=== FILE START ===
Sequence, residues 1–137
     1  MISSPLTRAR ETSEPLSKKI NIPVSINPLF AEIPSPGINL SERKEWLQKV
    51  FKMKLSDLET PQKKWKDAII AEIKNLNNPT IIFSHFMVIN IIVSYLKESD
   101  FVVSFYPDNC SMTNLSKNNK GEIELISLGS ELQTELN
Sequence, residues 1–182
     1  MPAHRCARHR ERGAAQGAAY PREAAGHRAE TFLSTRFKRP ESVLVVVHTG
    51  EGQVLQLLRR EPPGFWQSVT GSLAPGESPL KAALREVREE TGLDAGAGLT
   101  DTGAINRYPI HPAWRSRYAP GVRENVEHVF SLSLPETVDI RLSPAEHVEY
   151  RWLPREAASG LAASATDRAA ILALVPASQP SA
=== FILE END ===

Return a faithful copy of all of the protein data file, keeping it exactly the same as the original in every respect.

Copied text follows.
Sequence, residues 1–137
     1  MISSPLTRAR ETSEPLSKKI NIPVSINPLF AEIPSPGINL SERKEWLQKV
    51  FKMKLSDLET PQKKWKDAII AEIKNLNNPT IIFSHFMVIN IIVSYLKESD
   101  FVVSFYPDNC SMTNLSKNNK GEIELISLGS ELQTELN
Sequence, residues 1–182
     1  MPAHRCARHR ERGAAQGAAY PREAAGHRAE TFLSTRFKRP ESVLVVVHTG
    51  EGQVLQLLRR EPPGFWQSVT GSLAPGESPL KAALREVREE TGLDAGAGLT
   101  DTGAINRYPI HPAWRSRYAP GVRENVEHVF SLSLPETVDI RLSPAEHVEY
   151  RWLPREAASG LAASATDRAA ILALVPASQP SA